Water Heaters: What You Might Hear and What To Do About It
If you wake up to a groaning, rumbling water heater, there's a very good chance something is wrong. The bad news is that ignoring the problem could lead to very expensive repairs. The good news is that you can usually identify the problem and work with Cumming, GA, residential plumbing professionals before the situation gets too expensive.
Those pops generally indicate too much sediment in the tank. Solid materials, such as sand or minerals, often settle to the bottom of the heater tank. The popping is the result of lime-scale build-up, mineral deposits, or floating sediment. A water heater flush should take care of the problem. Sometimes a reaction between water with high pH levels and an aluminum anode rod causes a popping sound. Switching to a magnesium anode rod could solve the problem.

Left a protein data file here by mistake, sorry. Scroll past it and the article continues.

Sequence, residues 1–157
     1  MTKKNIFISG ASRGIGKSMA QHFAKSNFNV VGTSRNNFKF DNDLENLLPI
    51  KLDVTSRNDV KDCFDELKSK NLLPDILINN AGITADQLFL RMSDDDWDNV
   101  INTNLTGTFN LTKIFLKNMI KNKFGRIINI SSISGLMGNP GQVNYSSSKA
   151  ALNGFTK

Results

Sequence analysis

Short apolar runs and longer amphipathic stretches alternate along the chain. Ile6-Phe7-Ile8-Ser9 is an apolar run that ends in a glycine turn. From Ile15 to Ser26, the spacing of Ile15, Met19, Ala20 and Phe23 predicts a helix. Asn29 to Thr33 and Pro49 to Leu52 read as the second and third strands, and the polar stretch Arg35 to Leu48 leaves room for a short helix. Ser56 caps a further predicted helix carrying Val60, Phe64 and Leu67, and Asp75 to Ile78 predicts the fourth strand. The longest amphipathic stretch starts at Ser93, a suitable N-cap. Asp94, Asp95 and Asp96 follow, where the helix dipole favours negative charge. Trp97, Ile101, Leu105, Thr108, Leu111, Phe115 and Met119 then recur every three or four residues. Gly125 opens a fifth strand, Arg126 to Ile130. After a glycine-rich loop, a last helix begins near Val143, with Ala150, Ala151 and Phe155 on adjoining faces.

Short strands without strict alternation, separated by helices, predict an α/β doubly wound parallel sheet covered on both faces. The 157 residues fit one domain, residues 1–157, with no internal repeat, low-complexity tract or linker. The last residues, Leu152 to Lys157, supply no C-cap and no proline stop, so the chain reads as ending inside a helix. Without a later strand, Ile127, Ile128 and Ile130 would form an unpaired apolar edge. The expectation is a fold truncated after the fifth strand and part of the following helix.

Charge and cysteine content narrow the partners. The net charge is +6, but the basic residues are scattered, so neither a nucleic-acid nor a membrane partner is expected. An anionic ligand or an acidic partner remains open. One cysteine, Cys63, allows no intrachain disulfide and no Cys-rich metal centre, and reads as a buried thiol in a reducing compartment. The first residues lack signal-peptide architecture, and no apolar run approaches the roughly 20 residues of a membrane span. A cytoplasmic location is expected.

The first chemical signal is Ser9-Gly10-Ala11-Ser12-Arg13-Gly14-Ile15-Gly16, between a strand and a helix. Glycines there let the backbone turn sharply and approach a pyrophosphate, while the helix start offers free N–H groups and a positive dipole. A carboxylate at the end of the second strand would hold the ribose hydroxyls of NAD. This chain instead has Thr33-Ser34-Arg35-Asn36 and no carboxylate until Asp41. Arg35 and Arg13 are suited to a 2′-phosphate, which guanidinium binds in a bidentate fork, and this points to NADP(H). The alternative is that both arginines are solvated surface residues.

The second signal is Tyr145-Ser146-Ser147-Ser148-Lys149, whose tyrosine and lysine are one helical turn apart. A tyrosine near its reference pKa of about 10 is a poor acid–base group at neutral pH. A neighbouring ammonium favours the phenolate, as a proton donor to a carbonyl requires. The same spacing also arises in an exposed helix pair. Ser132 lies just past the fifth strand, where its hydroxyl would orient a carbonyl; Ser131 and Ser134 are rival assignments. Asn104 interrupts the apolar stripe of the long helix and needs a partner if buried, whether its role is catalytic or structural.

This ominous sound indicates the presence of so much sediment that your water heater could quit working very soon. The rumbling usually occurs because water expands as it is heated and forces the sediment to move around. If you hear rumbling, contact a Cumming, GA, professional right away.
This may be a great sound when you're making breakfast, but if you hear hissing or sizzling in your water tank, the heating element is probably covered in sediment. This problem is often remedied by draining the tank and then removing and cleaning the element. Sizzling could also indicate restricted water flow. Check all of the valves. If the T&P relief, or safety, valve is hissing, shut down the heater and contact a professional.
Pressure fluctuations are usually the cause behind ticking noises. Take a look at water inlet and outlet fittings; these hook-ups could be the culprits. If you're not sure how to find these hook-ups, check with a local professional.
Too much sediment in the water heater is a common cause of many annoying noises but isn't the only problem likely to occur. If you can't quickly pinpoint the problem, contact a professional for more help.